Remember the Horse

October 10, 2011

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Whoever painted this must have been under the influence of Picasso.  Style is contagious to a very high degree.
That kind of contagion has nothing to do with imitation, which is why it is so difficult to decide on plagiarism.

In fact, most of what anyone knows or thinks or says or paints echoes its sources so that your real connoisseur sees a picture or hears a minute of music and says: oh, that is from the sixties or that is late nineteenth century East European! The same with text.

In other words, the absolutely original work of art just does not exist unless indeed like a meteorite it fell from another star’s civilization down to Earth.

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Landscapes

September 17, 2011

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All three are  made some years ago in central Spain. Landscapes are the best of all worlds, maybe because they obviate the difference between abstract and concrete, since it isn’t possible to draw and paint everything there is to be seen.

And then the light changes.

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Below, from Aranjuez, was received only yesterday in the mail and so I have not yet asked for permission to publish it here. Basically, it isn’t a landscape either —  or is it?

But it is very nice to imagine.

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Ferdinand Hodler

September 11, 2011

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Hodler is considered the greatest Swiss painter.

Both of these paintings are typical: the light but brilliant colours, the simplified landscape, the clouds and lots of a luminous blue.

Typically, there are mountains and lakes, though the little tree below is one of his most famous pictures.
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At Wikimedia commons there are complete collections of Hodler landscapes and portraits:

http://commons.wikimedia.org/wiki/Category:Landscape_paintings_by_Ferdinand_Hodler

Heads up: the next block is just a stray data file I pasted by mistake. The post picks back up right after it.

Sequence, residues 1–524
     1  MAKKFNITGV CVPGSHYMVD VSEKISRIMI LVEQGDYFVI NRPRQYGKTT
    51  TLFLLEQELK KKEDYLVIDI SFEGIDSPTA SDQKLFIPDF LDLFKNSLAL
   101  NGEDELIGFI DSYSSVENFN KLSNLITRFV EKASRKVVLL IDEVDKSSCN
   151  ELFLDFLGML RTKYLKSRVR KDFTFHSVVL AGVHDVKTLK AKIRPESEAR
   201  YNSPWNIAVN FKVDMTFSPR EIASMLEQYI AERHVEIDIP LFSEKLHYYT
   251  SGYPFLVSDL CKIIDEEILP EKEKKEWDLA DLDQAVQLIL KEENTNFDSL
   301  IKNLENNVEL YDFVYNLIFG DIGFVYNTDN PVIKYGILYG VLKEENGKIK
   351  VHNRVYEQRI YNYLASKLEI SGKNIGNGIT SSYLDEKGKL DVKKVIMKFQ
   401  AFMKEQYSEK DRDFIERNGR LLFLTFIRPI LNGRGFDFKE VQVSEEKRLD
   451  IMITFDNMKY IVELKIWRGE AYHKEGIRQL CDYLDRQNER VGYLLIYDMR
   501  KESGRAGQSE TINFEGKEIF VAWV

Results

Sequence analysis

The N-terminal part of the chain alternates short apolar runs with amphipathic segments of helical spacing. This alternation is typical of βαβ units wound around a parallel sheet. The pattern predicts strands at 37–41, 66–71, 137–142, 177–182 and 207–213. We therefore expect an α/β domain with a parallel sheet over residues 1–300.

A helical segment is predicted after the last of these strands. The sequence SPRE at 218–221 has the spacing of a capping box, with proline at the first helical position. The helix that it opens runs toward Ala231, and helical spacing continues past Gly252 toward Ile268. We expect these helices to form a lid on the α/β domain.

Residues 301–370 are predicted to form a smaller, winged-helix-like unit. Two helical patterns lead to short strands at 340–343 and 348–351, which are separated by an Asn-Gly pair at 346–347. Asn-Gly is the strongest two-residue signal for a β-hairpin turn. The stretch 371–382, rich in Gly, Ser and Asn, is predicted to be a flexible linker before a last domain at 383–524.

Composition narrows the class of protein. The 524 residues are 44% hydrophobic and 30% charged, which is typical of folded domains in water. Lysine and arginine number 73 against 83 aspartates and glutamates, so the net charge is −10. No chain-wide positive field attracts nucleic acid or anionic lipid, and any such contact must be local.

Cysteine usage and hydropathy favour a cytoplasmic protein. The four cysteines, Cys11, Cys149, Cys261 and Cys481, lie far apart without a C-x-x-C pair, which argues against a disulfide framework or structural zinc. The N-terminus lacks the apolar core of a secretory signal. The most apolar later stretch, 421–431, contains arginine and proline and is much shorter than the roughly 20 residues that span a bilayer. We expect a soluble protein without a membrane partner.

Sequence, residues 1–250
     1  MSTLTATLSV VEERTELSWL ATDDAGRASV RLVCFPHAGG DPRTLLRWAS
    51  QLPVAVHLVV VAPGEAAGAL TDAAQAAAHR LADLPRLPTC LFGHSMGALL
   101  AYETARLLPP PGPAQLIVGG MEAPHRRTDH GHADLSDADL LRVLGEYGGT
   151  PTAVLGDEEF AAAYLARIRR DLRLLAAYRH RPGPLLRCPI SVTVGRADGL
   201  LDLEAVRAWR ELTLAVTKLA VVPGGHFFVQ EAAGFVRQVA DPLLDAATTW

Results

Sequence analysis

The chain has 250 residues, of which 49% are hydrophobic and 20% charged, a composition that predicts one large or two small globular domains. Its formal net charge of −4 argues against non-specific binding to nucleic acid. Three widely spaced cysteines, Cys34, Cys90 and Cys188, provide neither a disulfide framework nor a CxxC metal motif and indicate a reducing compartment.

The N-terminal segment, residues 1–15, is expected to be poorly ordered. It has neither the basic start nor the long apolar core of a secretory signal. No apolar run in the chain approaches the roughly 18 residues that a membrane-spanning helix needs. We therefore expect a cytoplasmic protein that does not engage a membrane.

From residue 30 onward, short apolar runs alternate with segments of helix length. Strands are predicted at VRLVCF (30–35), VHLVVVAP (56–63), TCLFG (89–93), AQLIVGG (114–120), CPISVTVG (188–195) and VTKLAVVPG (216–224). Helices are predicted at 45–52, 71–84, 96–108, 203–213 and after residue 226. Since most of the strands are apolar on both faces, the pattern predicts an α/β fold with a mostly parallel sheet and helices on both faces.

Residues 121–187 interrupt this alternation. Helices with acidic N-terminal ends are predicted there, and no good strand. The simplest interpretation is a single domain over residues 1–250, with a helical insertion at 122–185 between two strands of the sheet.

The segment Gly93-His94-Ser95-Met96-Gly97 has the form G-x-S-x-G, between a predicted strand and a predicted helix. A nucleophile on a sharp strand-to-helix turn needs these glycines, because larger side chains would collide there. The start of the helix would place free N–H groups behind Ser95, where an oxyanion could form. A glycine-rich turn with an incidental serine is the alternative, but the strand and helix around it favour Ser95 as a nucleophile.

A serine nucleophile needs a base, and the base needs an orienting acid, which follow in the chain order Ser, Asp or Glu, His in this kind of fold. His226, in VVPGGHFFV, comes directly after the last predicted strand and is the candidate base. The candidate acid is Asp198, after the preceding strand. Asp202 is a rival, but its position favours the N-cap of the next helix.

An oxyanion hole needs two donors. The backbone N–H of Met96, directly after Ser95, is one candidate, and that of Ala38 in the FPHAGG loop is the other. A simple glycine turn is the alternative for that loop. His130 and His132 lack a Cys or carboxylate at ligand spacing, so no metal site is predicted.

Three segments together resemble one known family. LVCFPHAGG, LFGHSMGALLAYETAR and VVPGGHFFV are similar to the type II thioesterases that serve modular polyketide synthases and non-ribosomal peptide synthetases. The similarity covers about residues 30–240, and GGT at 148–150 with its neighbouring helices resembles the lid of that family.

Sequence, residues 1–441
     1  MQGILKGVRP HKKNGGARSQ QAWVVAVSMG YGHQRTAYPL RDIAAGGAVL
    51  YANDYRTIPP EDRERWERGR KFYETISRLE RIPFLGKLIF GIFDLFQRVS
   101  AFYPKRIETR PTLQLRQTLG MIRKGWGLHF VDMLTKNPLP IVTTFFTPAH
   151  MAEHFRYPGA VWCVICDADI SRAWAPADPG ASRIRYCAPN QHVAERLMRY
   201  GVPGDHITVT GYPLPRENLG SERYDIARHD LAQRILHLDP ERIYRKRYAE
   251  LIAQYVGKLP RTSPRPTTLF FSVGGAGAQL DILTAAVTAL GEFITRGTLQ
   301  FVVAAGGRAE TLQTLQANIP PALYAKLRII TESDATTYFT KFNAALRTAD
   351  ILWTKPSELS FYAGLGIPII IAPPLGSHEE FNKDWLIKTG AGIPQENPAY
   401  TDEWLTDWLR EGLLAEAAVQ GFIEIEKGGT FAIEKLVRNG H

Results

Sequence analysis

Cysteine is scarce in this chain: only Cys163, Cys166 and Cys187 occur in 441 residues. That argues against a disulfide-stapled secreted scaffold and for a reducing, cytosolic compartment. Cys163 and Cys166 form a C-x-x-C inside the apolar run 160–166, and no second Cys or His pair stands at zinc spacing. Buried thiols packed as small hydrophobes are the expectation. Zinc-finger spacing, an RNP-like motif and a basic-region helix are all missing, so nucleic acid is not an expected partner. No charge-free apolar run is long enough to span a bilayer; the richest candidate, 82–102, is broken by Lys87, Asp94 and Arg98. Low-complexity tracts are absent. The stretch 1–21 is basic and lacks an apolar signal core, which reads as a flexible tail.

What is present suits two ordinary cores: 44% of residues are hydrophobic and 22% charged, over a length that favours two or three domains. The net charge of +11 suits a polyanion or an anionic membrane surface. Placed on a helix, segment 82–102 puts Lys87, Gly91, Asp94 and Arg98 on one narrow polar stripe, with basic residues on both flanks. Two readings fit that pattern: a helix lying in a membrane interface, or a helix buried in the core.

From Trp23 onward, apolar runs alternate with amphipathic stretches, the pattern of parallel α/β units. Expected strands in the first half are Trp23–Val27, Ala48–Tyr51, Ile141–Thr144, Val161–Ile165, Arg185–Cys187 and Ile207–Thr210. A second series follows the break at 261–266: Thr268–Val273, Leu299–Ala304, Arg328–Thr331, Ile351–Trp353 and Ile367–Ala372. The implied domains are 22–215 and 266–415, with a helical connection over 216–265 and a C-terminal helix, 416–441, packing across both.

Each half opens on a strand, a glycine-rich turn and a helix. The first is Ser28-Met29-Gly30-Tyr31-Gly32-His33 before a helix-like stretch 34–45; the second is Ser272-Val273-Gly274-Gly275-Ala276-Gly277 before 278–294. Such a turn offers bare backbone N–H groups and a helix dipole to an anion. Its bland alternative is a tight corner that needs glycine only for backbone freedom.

http://commons.wikimedia.org/wiki/Category:Portraits_by_Ferdinand_Hodler

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If I Could Paint

August 28, 2011

I would not try and do an abstract. However, I would not do either what is sometimes called a realist painting, though no two people agree what that could mean.

I think the important thing is not to copy.

So are photos useless?

Most of them, those that are easily forgotten. Maybe the difference between a great photographer and the rest of us is just that we keep too many and cannot decide which to throw out.

But I never take any photos myself. The ones I have were made by friends and relatives.

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There are very few that I would miss if somehow they got lost. In other words, there are only a few that I actually remember. So I would paint what I remember of those and now and then look at them, but just for a second, to get hints.

As to the photo above, I wonder whether that little footpath would come out and the daisies that are barely visible as white points in the foreground. Also, I do not know what that patch of snow white could be, near the horizon to the right. Nor do I know why the line of clouds is not horizontal, but follows the slant of the horizon, which surely can’t really be.***

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I had not remembered that little bush or shrub in the  foreground. I would leave it out.

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*** A month later:

As to why the clouds follow the line of the  horizon: the position of the camera ….. :-D

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